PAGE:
“We have several board members that would prefer that we be in school,” said Aaron. “But until the teachers are comfortable coming in, which the shields and air purifiers were their demands, then there’s not much we can do. So we have to work on that.”

Regardless of teacher’s hesitation to return, Aaron explained that most would agree that remote learning has brought about difficulties in keeping kids engaged online and something needed to be done.

“The kids are disconnecting,” said Aaron. “A lot of them are failing. There are some concerns that we’re just losing those kids. They’re either staying home and doing homeschool or neighborhood pods where they’re creating their own little groups and who knows what curriculum their using.”

Losing kids also means a big hit to an already struggling district with Aaron approximating a $127,000 loss in state funding.

Primero Schools

Primero Superintendent Bill Naccarato said they would be continuing hybrid in-person for sixth through 12th grades and in-person every day for Kindergarten through fifth grade.

“The parents were involved in our board meeting and brought up studies saying the safest place for kids was in school, not out of school,” said Naccarato. “There were approximately 86 people on that call. But the health department told us that the students could be asymptomatic and bring it home to the older grandparents.”

To best serve their students and keep the school open, Primero will continue the protocols they’ve had in place since the start of the semester, with a high rate of sanitization such as cleaning bathrooms at least once an hour if not more, Naccarato explained. So far the cleaning must be paying off as the school has been fortunate enough to not have any incidents of positive COVID-19 cases as of Dec. 2.

“We sanitize in depth early in the morning and before everybody leaves,” said Naccarato. “All our staff and everyone riding the bus also wears a mask.”

He also stated that students in sixth through 12th grade did have the choice to go strictly to online learning if they so desired and added that teachers have been good at following up on remote learning students to keep them on track.

“Our staff have really rolled up their sleeves and gone after it,” said Naccarato. “When you have students not in school, you’re going to have a bit of a drop off from students but we’ve been doing a really good job not allowing too much of a drop.”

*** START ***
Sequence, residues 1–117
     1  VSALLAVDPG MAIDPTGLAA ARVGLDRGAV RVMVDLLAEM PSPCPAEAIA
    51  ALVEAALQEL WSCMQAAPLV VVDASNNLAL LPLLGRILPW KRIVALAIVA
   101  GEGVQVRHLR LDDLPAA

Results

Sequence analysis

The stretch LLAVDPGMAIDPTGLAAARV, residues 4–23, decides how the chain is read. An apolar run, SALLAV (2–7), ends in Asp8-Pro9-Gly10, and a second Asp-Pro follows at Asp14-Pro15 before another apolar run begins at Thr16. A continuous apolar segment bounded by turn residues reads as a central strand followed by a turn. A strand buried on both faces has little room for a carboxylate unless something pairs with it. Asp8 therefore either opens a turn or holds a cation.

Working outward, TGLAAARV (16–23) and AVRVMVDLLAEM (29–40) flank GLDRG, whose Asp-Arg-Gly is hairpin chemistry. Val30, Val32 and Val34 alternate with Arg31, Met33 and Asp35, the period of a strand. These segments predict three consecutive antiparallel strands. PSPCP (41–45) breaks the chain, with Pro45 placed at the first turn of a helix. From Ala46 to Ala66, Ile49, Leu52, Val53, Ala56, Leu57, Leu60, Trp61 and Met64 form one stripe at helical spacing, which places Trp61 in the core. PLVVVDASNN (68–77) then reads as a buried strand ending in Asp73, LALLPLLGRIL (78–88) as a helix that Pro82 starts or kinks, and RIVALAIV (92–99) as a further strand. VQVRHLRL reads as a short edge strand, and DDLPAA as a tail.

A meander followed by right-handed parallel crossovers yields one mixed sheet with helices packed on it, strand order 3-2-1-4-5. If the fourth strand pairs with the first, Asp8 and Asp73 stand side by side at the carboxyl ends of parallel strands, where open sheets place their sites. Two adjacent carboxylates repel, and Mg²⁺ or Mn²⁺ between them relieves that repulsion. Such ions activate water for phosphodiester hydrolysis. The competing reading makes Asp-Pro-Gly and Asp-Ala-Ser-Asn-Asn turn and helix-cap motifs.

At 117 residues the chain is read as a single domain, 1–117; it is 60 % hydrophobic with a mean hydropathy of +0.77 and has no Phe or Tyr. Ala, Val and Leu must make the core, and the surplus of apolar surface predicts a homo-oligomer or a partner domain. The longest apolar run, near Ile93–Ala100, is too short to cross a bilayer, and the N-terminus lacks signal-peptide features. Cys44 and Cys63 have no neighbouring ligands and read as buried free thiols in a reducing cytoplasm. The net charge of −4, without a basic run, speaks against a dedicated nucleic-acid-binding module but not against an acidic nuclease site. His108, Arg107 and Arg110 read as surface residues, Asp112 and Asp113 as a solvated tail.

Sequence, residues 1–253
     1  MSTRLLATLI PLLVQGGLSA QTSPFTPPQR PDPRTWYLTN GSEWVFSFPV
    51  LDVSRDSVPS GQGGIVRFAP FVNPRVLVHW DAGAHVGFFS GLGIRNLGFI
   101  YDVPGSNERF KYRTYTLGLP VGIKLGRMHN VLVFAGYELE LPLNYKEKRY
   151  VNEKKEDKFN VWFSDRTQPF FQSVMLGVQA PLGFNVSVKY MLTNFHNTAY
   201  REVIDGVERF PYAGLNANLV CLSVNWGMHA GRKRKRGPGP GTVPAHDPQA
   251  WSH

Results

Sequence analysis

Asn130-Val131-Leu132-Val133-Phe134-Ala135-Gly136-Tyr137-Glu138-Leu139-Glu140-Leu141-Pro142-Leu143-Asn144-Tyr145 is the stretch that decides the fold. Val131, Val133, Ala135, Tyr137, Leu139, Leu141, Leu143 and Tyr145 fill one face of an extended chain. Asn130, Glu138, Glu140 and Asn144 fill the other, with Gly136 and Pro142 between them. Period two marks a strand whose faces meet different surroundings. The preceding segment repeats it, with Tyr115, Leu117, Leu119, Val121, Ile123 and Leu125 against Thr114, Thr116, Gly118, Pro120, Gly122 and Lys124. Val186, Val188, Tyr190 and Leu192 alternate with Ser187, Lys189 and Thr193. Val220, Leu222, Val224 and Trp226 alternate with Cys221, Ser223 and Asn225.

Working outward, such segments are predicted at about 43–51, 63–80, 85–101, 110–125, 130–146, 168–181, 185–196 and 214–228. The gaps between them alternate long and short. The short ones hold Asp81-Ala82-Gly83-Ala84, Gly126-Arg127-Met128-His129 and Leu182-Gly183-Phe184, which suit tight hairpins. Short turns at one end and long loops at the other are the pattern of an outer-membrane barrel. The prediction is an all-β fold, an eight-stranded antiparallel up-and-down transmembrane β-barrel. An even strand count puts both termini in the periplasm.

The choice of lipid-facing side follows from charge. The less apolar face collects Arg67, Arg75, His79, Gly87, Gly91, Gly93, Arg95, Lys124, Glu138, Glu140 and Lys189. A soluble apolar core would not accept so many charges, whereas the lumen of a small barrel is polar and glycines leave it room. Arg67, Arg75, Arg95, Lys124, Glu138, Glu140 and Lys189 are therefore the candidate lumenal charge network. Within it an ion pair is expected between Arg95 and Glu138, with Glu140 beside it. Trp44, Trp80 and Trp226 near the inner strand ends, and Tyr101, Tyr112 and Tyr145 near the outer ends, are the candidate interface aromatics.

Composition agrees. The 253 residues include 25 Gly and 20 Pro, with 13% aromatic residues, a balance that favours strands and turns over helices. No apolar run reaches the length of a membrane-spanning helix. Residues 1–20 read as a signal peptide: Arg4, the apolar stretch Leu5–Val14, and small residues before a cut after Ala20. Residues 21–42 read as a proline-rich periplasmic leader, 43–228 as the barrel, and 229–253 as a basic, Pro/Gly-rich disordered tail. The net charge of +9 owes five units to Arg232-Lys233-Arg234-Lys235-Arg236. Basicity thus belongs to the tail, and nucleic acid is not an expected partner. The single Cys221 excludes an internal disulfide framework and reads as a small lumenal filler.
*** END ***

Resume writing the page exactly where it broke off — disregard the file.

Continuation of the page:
Following the holiday break, Naccarato said they would return to the same system as this semester.

Goal Academy

GOAL Academy in Trinidad has continued to operate remotely with students coming in by appointment only. Communication Coordinator Gunnison Pagnotta explained because of the number of counties their school had to keep up with being scattered throughout the state, they have adhered to a fairly consistent remote plan across the board.

“Because we have our 36 sites all over the state, we’re operating on a lot of different county health departments,” said GOAL’s Communication Coordinator Gunnison Pagnotta, “so we’ve just gone ahead as a result of the most recent spike and shifted to what we call skeleton crews.”

The Trinidad campus location had already been split into a blue team and green team for teaching and administration staff Pagnotta explained but going to the skeleton crew took that down to one or two administration staff on site at a time to assist students and conduct mandatory testing by appointment. Teachers and academic coaches have been operating remotely

Pagnotta added that they continue to make themselves available by appointment should a student be having technology difficulties such as faulty computers, in which case those students can have it exchanged for a working one and have student support kits that can be given out.

“Those are broken down into four categories,” said Pagnotta. “One is warmth such as coats, beanies, scarfs, or gloves. Then there’s a tech support kit such as boosters for hot spots or have their laptop replaced if it’s on the fritz. The third is a food kit we provide and the fourth is hygiene products like soap, shampoo, etc.”